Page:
What greater mistake than confusing our death with non-being? Is it because we want to believe in the loyalty of our substance that we make this peculiar equation? If so, we should be ashamed of our dishonesty. The facts are blatant: it is not the case that death leaves matter satisfied. At most it is a temporary refreshment, a cool black wave for matter to bask in like a reptile, a phase of dormancy, before the rush back into the convulsive dissipation of life. … It is almost as if we still believe in the faithful resurrection of the flesh. How humiliating then that matter remains itchy after shaking us from it, that it is still eager, that even before our mourners have forgotten us it is flirting with the worms… Across the aeons our mass of hydro-carbon enjoys a veritable harem of souls. (Land, p. 180)

Being neither existential nor natural, death for Bataille could not be reduced to either a metaphysics of miserabilism nor to naturalism’s scientificity. Beyond the illusory worlds of signs and texts lies the black voids of an interminable oblivion, a fever dream of impossible joys, a realm in which we are delivered by our unholy intimacy and ties with death:

The fever that bears me overstretches the entire health of Earth, carrying me with my accursed twin into an emptiness beyond the reservoir of stars. Although the adventure of inexistence only begins in Hell there is no fear, only awe and burning werewolf thirst for the voyage. Nestled in some cove of this ulterior shore an utterly consummate eroticism – a pact against nature – tenses through fusion to its evaporation, denuded before the abyss; a glistening droplet of loss and beginning. (Land, p. 206)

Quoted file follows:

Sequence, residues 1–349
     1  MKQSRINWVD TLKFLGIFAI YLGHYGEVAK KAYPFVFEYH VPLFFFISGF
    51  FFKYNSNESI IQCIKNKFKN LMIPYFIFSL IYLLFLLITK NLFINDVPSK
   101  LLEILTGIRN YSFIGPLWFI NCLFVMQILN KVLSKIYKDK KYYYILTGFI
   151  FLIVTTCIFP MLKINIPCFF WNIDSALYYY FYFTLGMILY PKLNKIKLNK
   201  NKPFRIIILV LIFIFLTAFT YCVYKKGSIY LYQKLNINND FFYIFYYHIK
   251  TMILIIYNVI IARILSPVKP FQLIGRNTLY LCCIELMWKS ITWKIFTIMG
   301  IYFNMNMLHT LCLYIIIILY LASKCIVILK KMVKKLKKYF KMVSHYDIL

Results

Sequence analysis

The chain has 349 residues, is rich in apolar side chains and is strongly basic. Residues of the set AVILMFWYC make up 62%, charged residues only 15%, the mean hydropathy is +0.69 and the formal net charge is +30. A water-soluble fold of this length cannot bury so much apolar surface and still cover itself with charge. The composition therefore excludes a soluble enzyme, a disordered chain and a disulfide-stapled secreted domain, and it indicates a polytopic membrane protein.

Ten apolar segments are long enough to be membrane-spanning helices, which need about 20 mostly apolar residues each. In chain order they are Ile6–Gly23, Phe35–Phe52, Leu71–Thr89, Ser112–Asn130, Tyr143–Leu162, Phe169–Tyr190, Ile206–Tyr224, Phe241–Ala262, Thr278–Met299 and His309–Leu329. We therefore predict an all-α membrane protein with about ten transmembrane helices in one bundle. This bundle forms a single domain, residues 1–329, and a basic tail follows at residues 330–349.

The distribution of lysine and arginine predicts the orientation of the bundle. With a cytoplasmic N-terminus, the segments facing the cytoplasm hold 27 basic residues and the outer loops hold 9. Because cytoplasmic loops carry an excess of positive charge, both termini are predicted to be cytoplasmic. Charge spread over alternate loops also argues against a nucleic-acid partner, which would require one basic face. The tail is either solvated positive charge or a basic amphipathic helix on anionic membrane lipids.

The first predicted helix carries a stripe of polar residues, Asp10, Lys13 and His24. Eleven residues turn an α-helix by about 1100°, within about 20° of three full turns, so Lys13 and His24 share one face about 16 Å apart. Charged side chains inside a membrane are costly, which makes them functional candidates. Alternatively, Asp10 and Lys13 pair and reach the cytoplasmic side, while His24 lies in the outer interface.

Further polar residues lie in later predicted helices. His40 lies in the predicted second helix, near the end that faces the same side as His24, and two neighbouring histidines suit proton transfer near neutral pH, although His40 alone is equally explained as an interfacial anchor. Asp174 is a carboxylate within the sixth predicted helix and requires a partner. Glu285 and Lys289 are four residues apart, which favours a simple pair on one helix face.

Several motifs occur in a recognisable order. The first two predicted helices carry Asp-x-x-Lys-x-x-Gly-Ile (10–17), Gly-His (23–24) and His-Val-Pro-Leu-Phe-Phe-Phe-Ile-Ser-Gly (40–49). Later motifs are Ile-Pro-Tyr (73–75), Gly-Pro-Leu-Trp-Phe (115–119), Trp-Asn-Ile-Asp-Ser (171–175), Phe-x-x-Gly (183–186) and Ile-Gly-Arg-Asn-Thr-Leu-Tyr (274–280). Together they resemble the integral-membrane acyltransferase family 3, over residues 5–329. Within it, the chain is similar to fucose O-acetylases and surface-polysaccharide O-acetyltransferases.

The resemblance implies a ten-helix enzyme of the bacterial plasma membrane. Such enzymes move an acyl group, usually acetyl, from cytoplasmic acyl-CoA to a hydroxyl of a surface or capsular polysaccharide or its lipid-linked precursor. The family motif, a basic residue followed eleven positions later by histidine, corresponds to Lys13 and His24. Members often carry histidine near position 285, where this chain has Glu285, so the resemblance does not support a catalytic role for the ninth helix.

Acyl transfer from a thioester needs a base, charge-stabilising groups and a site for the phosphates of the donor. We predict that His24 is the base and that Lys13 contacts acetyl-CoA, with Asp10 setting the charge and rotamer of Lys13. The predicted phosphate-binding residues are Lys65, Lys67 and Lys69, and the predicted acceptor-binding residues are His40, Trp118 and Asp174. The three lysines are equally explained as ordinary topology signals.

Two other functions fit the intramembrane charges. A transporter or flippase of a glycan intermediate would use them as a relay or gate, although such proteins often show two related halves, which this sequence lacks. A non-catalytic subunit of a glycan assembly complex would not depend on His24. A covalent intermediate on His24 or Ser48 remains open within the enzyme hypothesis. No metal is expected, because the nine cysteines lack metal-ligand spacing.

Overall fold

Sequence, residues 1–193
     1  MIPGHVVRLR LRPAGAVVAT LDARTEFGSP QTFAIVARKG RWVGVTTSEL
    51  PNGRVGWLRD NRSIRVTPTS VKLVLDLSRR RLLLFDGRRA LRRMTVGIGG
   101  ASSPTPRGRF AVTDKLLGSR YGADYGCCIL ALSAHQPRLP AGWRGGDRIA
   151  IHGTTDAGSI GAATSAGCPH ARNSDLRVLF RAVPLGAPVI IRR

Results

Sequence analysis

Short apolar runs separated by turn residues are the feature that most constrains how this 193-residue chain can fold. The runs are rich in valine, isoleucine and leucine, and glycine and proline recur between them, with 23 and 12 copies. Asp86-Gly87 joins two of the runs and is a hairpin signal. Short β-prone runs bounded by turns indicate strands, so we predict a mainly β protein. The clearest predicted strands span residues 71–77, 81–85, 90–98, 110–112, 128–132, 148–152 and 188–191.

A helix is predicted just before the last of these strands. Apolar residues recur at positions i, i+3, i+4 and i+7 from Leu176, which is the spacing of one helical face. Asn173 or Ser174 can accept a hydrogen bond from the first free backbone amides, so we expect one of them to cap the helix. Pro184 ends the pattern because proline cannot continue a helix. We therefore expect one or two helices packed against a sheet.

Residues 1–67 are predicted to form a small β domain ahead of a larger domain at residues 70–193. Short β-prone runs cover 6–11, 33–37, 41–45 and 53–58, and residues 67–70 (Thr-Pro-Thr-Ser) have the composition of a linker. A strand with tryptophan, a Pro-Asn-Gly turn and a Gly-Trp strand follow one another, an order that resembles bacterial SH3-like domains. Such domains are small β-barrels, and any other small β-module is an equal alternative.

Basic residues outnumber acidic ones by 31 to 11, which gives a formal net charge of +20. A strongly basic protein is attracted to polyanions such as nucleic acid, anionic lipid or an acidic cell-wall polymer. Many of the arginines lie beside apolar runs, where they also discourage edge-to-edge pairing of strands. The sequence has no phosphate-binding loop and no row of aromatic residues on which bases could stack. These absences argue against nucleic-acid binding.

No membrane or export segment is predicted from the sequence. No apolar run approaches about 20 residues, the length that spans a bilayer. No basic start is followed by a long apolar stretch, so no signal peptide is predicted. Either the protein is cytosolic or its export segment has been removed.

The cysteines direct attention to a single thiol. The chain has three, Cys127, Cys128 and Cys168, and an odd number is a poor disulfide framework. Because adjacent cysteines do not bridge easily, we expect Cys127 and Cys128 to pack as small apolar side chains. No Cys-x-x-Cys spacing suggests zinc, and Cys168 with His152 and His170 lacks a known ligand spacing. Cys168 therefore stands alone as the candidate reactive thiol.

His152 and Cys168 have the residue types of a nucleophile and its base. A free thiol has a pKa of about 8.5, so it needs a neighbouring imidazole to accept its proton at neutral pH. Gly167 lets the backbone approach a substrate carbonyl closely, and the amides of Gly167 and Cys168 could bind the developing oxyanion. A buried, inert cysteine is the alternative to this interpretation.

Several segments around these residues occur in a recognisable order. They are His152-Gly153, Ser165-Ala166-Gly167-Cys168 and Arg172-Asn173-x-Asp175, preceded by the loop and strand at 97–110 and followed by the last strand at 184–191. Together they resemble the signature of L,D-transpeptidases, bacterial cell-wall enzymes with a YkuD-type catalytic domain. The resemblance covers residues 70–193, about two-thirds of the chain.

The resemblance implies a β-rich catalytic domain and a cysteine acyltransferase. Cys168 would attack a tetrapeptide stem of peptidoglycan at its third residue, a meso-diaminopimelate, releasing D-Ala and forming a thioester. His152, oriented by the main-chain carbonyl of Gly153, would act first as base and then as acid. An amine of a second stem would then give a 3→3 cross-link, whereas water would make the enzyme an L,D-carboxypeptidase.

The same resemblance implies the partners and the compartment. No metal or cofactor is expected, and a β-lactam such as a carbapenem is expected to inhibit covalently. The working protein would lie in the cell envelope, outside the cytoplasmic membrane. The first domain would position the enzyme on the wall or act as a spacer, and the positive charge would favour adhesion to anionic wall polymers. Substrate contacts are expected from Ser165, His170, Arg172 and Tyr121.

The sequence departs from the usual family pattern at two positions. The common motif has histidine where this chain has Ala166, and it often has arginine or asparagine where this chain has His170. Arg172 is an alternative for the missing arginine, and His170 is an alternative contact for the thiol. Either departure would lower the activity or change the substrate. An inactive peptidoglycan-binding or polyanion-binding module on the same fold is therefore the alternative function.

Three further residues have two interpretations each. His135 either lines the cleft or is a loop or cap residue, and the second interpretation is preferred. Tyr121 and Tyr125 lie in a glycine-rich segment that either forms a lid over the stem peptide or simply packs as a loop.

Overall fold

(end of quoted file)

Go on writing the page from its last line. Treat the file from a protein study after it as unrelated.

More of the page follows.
Beyond the sobs of the troubadours of the Sublime lies the ocean of darkness, a realm where we who meld into the folds of oblivion chart the destiny of stars like members of an endless assemblage, a swarming cellular mass of inexistence that vanishes in the deepest abyss of zero. The data storm is flowing out of the future and into our lives, we have only to surrender to its accelerating annihilation, float among the debris of dead and dying civilizations like insects in a inexistent holodeck, members of a strange and terrible world that seeks to absorb us into its interminable labyrinth. Shall we follow?

Part two will map the contours of technopessimism and the posthuman…

  1. Nick Land A Thirst for Annihilation (Routledge, 1992)
  2. Paglia, Camille (1990-09-10). Sexual Personae (p. 1). Yale University Press. Kindle Edition.
  3. Berardi, Franco “Bifo” (2015-02-03). Heroes: Mass Murder and Suicide (Futures) (Kindle Locations 54-55). Verso Books. Kindle Edition.

5 thoughts on “The Posthuman Future: Technopessimism and the Inhuman

  1. Love you, miss you, know I’ll LOVE the content – it’s right up my alley (read a few lines) – but I can’t read 3000+ words right now – I don’t have the time *cries*. Hopefully time will once again be mine, and I can then spend a day with a nice pot of coffee, on your blog – and reading all that I know I will love.

    Liked by 1 person